Legutko does not claim liberalism resembles communism in its monstrosity, much less that the two ideologies are identical; he fully acknowledges that the first is democratic and the second brutally tyrannical. After recognizing this contrast, however, he gets down to the more pungent topic of what the two have in common.

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Polish Telephone Books Reveal My Family's History

by Daniel Pipes  •  July 4, 2019


Paper telephone books have virtually disappeared from our lives, but they recorded essential information during the twentieth century. Thanks to a recent visit to my father's hometown of Cieszyn, Poland, plus the discovery of an unpublished Warsaw telephone directory (unpublished due to the German invasion), I now have records of my ancestors dating from 1926 and 1939.

1926: The Cieszyn telephone book lists my father's father as "Pipes Marek, fabryk, Ciężarowa 2." Fabryk refers to owning the Olza SA chocolate factory that he had founded in 1920, where he manufactured the Prince Polo chocolate-covered wafer. I photographed the title page and p. 85 on a visit at the Muzeum Śląska Cieszyńskiego (Museum of Cieszyn Silesia) in May 2019.

1939: The Warsaw telephone book is available at the Library of Congress website. It also lists my father's father, now as "5 98 10 Pipes Marek, m., Chmielna 43." He lived 1893-1973.

With the help of Denis E. Lazarev, my second cousin, I have found that the Warsaw directory lists other relatives, including my:

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Istanbul's Election Puzzle

by Daniel Pipes  •  June 25, 2019  •  Washington Times


The Middle East rightly has a reputation for inscrutability, with seemingly illogical actions part of its routine business. The Saudi crown prince kidnapped Lebanon's visiting prime minister, forced him to resign, only to watch him return to his position on return home. The Palestinian Authority angrily refused to attend a conference in Bahrain where it could gain up to $27 billion. And then there's the Istanbul mayoral election re-run that took place Sunday.

The original election took place in March, when President Recep Tayyip Erdoğan's candidate lost by a microscopic 0.16 percent. Discontented with this outcome, Erdoğan did what a dictator naturally does and ordered it nullified on the basis of a minor technicality, with a redo to follow. One would imagine he also told his minions to get it right the second time and ensure that his candidate won by a substantial margin. Instead, his candidate lost by a whopping 9.22 percent, almost 60 times' larger margin than his loss the first time.

This drama prompts two questions.

First, why did Erdoğan allow it to happen? He has ruled as a near-absolute dictator for about six years, so it would have been consistent for him to demand a big win. He controls the military, the police, the parliament, the judiciary, the banks, the media, and the educational system. He does whatever he wants. For example:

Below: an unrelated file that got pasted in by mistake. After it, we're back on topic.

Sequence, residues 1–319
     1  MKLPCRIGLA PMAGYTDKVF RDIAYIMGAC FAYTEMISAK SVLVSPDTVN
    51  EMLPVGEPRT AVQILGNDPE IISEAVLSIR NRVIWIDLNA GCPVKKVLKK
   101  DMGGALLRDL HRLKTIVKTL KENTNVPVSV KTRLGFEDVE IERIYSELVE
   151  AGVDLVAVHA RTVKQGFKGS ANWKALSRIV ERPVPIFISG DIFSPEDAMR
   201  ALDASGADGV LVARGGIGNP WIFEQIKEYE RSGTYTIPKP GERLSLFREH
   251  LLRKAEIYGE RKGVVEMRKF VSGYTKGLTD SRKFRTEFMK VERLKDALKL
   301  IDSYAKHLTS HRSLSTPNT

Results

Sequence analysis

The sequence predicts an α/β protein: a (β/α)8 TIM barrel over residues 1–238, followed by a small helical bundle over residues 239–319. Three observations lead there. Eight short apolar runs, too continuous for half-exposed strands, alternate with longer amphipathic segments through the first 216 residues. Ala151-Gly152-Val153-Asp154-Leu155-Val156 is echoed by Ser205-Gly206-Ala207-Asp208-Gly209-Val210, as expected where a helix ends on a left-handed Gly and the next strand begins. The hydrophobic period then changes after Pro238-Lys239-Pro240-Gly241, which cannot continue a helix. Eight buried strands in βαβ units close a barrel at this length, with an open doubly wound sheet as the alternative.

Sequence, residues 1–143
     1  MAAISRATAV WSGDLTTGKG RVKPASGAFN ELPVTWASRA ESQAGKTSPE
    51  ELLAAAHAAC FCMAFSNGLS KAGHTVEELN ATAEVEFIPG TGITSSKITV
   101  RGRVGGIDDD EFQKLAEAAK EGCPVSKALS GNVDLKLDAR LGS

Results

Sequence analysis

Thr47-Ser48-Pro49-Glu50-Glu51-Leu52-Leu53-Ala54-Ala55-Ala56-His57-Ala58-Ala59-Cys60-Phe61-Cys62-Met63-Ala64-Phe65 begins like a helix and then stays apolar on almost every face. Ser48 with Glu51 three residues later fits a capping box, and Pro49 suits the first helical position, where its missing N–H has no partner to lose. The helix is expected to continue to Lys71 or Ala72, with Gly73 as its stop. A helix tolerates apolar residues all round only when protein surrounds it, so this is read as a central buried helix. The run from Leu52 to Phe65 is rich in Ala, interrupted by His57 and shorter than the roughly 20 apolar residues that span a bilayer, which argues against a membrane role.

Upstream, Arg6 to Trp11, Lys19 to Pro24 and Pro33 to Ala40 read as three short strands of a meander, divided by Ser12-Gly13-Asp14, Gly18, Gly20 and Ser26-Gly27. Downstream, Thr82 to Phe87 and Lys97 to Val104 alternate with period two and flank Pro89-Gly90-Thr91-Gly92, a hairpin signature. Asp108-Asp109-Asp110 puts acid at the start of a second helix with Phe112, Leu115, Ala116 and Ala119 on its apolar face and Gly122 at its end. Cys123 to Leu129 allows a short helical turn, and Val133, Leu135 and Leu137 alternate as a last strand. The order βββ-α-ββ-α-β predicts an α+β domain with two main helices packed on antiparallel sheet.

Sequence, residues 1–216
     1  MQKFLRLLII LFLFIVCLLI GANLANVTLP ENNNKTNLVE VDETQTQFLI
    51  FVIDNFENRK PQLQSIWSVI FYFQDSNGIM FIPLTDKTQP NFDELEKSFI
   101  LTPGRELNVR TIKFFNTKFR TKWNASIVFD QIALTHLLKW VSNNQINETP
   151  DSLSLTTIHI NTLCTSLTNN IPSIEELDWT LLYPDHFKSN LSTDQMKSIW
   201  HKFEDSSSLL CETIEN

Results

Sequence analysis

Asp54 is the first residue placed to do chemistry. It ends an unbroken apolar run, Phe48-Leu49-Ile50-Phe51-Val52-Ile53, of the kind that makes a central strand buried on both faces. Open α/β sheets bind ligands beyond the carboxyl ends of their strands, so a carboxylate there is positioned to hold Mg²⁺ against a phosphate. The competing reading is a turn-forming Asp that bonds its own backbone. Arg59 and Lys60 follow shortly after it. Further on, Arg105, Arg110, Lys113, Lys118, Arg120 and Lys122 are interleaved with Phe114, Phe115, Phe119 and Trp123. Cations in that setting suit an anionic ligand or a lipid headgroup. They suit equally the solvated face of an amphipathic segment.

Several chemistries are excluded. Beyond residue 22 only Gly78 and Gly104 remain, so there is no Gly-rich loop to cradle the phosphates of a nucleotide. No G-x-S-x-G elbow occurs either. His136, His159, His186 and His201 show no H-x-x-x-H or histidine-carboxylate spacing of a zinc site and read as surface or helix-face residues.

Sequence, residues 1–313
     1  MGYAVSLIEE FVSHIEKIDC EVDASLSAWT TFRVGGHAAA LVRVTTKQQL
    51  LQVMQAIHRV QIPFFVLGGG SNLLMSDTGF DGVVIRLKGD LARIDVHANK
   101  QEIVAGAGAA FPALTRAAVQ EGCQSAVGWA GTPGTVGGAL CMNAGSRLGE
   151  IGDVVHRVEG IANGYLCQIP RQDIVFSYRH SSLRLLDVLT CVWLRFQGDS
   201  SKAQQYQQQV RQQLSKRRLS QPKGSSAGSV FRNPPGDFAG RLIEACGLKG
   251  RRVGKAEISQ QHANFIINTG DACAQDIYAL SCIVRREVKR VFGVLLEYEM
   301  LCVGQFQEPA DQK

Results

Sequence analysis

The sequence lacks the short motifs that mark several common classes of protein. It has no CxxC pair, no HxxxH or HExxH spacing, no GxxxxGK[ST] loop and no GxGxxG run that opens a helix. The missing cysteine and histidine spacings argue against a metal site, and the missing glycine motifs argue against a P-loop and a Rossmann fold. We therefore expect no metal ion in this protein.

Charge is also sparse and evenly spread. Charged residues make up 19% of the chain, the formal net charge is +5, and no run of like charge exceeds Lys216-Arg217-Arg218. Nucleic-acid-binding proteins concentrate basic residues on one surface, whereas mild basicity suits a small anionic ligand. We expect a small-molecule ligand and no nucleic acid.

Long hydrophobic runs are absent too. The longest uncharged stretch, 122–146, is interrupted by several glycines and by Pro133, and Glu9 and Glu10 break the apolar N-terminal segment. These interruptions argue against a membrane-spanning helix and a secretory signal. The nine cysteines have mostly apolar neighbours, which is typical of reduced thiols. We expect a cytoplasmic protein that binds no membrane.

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Italy at the Crossroads

by Daniel Pipes  •  June 18, 2019  •  Washington Times


ROME – Italy is in the news these days for two main developments. First, Interior Minister Matteo Salvini has – against massive opposition from the media, the judiciary, and the church – shut the country's ports to illegal migrants and thereby reduced the number coming from the Mediterranean Sea by 97 percent between 2017 and 2019. Second, his civilizationist party, the League (Lega in Italian), went from winning 6 percent of the votes in the 2014 European parliamentary elections to 34 percent in those same elections last month, making it by far Italy's most popular party.

Seen from outside Italy, these dramatic developments suggest that growing numbers of Italy's 61 million inhabitants have stopped denying their country's apocalyptic immigration and Islamization problems and are ready to confront the country's existential threats. But is this really the case, have Italians turned a corner in the battle to control their destiny? What do the port closures mean and how significant is the rise of the League?

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Making Sense of Palestinian Logic

by Daniel Pipes  •  May 4, 2019


Palestinians do weird things: A few days ago, the Palestinian Authority (PA), which rules most of the West Bank, refused to accept the tax revenues it is owed by the Israeli government. Today, Hamas, which rules all of Gaza, launched more than 200 rockets against Israel.

Both of these are, on the surface, self-defeating steps that make no sense. Not taking the money means the PA could collapse; firing rockets means Hamas is getting battered militarily by the far superior Israeli forces.